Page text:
While the term “IQ” is fully embedded in our vernacular, we are starting to become more aware of a concept that may be just as important, if not more: EQ. Short for “emotional quotient,” EQ is also occasionally referred to as EI or emotional intelligence. EQ is defined as someone’s ability to perceive, understand and manage their own feelings and emotions. For leaders in the workplace, EQ can be a gamechanger.
For years, there has been heavy emphasis placed on IQ and its ability to predict success. That’s an outdated notion, says Abby Waters, a certified Talent Management Coach who works with executives and teams on EQ regularly through her consulting agency Grow-Coach. According to Waters, companies that invest in EQ are seeing a higher success rate than those who are not. “Science shows people don’t get very far in their profession if they don’t utilize emotional intelligence,” says Waters, adding that high EQ–over IQ–can set good leaders apart.
While EQ was established as a concept in psychology back in the 1990s, it has started to gain traction more recently for two defining reasons:
- Its link to higher job satisfaction for those with high EQ as well as employees who work with or are managed by those with high EQ
- Its positive correlation with job performance
Daniel Goleman, renowned expert on emotional intelligence who has studied the phenomenon for years, had this to say about EQ in the workplace: ““The interest in emotional intelligence in the workplace stems from the widespread recognition that these abilities – self-awareness, self-management, empathy and social skill – separate the most successful workers and leaders from the average. This is especially true in roles like the professions and higher level executives, where everyone is about as smart as everyone else, and how people manage themselves and their relationships gives the best and edge.”
What does EQ look like in action?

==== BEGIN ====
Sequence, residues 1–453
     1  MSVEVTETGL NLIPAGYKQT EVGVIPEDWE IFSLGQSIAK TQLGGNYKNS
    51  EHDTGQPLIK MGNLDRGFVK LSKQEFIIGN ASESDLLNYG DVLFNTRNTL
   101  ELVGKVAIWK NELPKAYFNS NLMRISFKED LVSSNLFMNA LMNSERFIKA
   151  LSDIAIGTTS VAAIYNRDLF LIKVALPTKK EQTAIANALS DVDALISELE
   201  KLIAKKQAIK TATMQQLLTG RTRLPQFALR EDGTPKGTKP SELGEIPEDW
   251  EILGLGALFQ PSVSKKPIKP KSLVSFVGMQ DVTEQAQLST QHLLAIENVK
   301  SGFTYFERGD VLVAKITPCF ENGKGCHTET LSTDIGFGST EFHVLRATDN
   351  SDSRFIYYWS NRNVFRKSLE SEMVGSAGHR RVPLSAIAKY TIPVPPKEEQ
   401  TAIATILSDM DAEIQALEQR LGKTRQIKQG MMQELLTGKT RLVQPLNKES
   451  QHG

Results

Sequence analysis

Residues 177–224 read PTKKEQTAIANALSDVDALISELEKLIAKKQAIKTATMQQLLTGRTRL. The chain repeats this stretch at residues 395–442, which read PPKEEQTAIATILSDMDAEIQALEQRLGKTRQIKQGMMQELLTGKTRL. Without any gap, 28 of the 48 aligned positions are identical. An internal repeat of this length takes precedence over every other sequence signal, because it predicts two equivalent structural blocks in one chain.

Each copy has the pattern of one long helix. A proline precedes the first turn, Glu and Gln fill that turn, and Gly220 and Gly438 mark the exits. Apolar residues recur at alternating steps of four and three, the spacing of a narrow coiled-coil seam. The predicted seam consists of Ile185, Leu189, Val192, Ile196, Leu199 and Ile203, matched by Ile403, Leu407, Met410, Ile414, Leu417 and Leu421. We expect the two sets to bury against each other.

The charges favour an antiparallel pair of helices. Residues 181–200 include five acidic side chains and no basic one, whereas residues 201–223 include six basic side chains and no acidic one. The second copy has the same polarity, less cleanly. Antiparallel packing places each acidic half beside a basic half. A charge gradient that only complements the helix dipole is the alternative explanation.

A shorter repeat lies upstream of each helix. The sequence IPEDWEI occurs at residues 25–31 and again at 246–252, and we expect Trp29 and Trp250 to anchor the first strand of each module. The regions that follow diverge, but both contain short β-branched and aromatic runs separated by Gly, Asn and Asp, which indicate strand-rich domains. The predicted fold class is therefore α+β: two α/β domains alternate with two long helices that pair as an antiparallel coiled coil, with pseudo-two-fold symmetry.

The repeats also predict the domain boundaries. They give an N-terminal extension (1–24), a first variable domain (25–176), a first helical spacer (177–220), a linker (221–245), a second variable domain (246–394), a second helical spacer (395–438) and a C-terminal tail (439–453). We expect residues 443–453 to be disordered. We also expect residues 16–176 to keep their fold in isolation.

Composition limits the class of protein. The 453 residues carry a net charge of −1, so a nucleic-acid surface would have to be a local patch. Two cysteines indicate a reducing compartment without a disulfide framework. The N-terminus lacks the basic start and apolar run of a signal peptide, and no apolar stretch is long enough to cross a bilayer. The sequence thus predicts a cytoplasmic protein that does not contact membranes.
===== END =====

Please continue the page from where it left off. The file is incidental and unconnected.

EQ plays out through the thought process. Before we have an intellectual thought, we first have an emotional thought; emotion always comes before intellect. So we have an emotional response, either positive or negative, before experiencing intellectual stimulation. Our ability to recognize these emotions and train ourselves to harness them appropriately is really the groundwork for EQ.
When Waters consults with companies, she runs through several different assessments, including the well-known personality questionnaires like DiSC or Myers-Briggs, which can establish a baseline for differing personality styles within the workplace and how employees can function in the company most efficiently based on that information.
In addition, Waters has a separate EQ assessment she gives to help people discern if they’re in the right career and if they are fully utilizing their talents in the workplace. These assessments can be helpful for anyone at any level in any industry. And one key, distinguishing feature of having an EQ assessment done is obtaining information you can use for personal growth and development.
“I think it’s the most practical and anyone can use it,” says Waters. “The information can be really valuable to find out what energizes you or what stresses you out.”
The most common area for individuals to grow is self-regulation. Practicing self-regulation skills can be as simple as learning to pause, recognize a strong emotion (anxiety, fear, anger) and take time to process before you respond. While the concept sounds basic, many people are often unaware that they have issues with self-regulation until they start self-reflecting. A perfect example is the coworker who gets on a zoom meeting a few minutes late and immediately goes into a diatribe about their sick daughter and how stressed out they are, rather than just making a quick apology for being late and letting the meeting proceed.
It’s also okay to sit with your feelings for a day or two before responding to a coworker, whether it’s an email or a conversation that you need to put on pause. In our need-to-know, instant-response culture, this can surprise some people, but it’s important for developing self-regulation.
Why should EQ matter to leaders?
In our current climate, leaders practicing EQ are even more valuable than ever. People take notice and are attracted to working for leaders who are practicing EQ in the workplace, because they are able to lead calmly in times of crisis (like a pandemic) and are easily able to pivot however they need to in order to adjust to changing circumstances. They are also able to stay in tune with their employees, which is incredibly useful, now and always.
For leaders, the benefit of strengthening EQ is two-fold. Not only will you become a better leader, but your employees will become more engaged. As you are able to leverage your EQ and, assumingly, the EQ of others, your workplace will be healthier, with more open dialogue and interaction. “Can you imagine the transformation of these companies who really put this stuff forward?’ asks Waters. “Your leadership abilities are not equated with your title or your talent, they’re actually equated with how you behave and act.”